Realising the dream of coastal property, either as a bolthole or main home, is getting trickier these days. Prices in the most sought after spots can be extortionate, rivalling those of the inner city. Cheaper towns aren’t always attractive places to live. Finding somewhere desirable, with reasonable, but rising house prices is always going to be a challenge. So, for those seeking salty air and blustery walks, we’ve found some innovative places to get you thinking outside the box.
A short distance from the madding crowds of Torquay, local property agents are tipping Brixham as the next big thing on the English Riviera. The harbour front, with pastel coloured houses ascending the hill, is every bit the picture postcard. It has a brilliant selection of seafood restaurants serving the day’s catch. Shoalstone pool is a seawater lido for those who enjoy a bracing dip and the local Yacht club should keep you busy at weekends.
The North Norfolk coast boasts some of the UK’s best beaches and a great selection of traditional and gastropubs. It’s also got house prices to match. In Burnham Market, which locals nickname “Chelsea-on-Sea” for its abundance of second homes and Range Rovers, 4 beds can go for £1m upwards. Drive ten minutes along the coast road and you’ll find properties for around half that in Wells-next-the-Sea.
Until recently, the town looked rather down at heel, but has undergone a rejuvenation in recent years. Property prices are beginning to hot up. Its picturesque quay looks over a salt marsh and through the pine forests further north, you’ll find a truly stunning beach with white sand dunes and a neat row of candy-coloured beach huts. Its local academy is ‘good’ and public school, Greshams, is thirty minutes away.
On the Fife coast, golfers who don’t mind a rather windswept setting will want to look at Crail and its surrounding area. In itself a beautifully sleepy fishing village, with cobbled streets and a quaint harbour, the big draw is that St Andrews is just twenty minutes away. Crail also has its own golf course – the seventh oldest in the world and there are various others in the area.
The nearest big city is Edinburgh, which is ninety minutes away, so this may not be one for commuters. For downsizers and second home buyers, properties are undervalued and attractive cottages can go for very little compared to those nearer St. Andrews.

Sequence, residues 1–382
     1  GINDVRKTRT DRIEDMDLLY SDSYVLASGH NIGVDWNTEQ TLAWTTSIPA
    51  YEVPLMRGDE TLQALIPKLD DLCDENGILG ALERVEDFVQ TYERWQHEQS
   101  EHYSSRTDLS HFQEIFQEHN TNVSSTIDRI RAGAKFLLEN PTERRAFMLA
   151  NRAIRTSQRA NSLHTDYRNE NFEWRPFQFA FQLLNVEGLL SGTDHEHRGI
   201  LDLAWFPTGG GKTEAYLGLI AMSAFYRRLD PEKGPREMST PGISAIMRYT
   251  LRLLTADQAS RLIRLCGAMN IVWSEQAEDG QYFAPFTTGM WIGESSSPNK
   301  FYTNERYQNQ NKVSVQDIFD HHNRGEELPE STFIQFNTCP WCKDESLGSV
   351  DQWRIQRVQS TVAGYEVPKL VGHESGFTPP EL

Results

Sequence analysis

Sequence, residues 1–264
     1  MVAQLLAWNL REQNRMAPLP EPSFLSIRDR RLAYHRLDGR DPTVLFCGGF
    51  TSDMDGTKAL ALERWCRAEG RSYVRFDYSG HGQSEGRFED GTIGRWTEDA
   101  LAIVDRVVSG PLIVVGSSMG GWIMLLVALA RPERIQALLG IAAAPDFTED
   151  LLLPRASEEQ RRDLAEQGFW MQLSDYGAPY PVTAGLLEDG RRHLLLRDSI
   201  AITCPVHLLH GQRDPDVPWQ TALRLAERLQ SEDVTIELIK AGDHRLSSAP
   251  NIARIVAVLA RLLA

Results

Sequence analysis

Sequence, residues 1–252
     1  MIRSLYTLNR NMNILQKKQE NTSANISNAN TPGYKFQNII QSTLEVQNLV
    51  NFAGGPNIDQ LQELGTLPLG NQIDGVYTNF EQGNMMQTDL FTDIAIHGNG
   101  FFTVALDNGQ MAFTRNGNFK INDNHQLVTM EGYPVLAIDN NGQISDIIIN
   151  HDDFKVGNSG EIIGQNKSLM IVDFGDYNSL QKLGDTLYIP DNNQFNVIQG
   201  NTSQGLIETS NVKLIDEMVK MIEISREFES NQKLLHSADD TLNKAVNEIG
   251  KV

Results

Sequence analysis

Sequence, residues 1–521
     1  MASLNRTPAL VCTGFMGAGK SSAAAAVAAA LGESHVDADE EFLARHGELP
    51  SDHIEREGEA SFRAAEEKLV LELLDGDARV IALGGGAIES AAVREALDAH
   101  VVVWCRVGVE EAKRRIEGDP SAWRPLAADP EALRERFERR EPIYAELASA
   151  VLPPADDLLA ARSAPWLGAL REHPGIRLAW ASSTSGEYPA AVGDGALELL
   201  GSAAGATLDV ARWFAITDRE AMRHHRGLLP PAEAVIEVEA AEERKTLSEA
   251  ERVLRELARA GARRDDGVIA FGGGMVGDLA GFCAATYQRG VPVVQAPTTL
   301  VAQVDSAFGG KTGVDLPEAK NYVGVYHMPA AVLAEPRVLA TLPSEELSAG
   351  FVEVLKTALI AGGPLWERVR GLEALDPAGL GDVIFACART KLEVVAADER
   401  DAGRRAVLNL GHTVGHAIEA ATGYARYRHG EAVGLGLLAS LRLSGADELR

For those in search of a more urban experience by the seaside, you could do a lot worse than Southampton. Its city centre is generic, but its once industrial waterfront is rapidly being regenerated. House prices are still thoroughly reasonable too. It has a good selection of schools. St Anne’s Catholic state school is outstanding and the local private school, King Edward VI School also has a very good reputation. The Solent and all it has to offer is right on your doorstep. The charming town of Cowes, on the Isle of Wight, hosts the largest sailing regatta of its type in the world and is just a forty-five-minute ferry ride away. The New Forest is also a short drive out of town. A train to London takes just one hour to boot.
The Isles of Scilly, Cornwall
If what you’re looking for is a total escape, but perhaps don’t fancy the Outer Hebrides, then the Isles of Scilly might be a good option. They have a temperate climate and with the white sandy beaches, azure seas and subtropical gardens you could easily imagine you’re somewhere much warmer. Homes are in short supply and the average house price is high as a result. Fast broadband came to the islands in 2014, so if you’re a homeworker, this could be a realistic option. And if you fancy quitting the mainland permanently, good schooling is available on the islands up to the age of sixteen, after which, teens will need to head to the mainland.
Often described as Britain’s only desert, a shingle headland in the English Channel isn’t everyone’s cup of tea when it comes to buying a house. Perhaps that’s why it passes below the radar for many homebuyers. Yet, its landscape inspires a deep devotion in its residents and many of its visitors. It’s also a nature reserve, so development is banned. A lot of the existing properties are built from converted railway carriages and do pop up on the market from time to time for around £240,000. Those seeking a less isolated experience or a Sainsburys, might want to look at New Romney just up the road. Ashford International (thirty minutes away) has a highspeed rail connection to London St Pancras (thirty-eight minutes).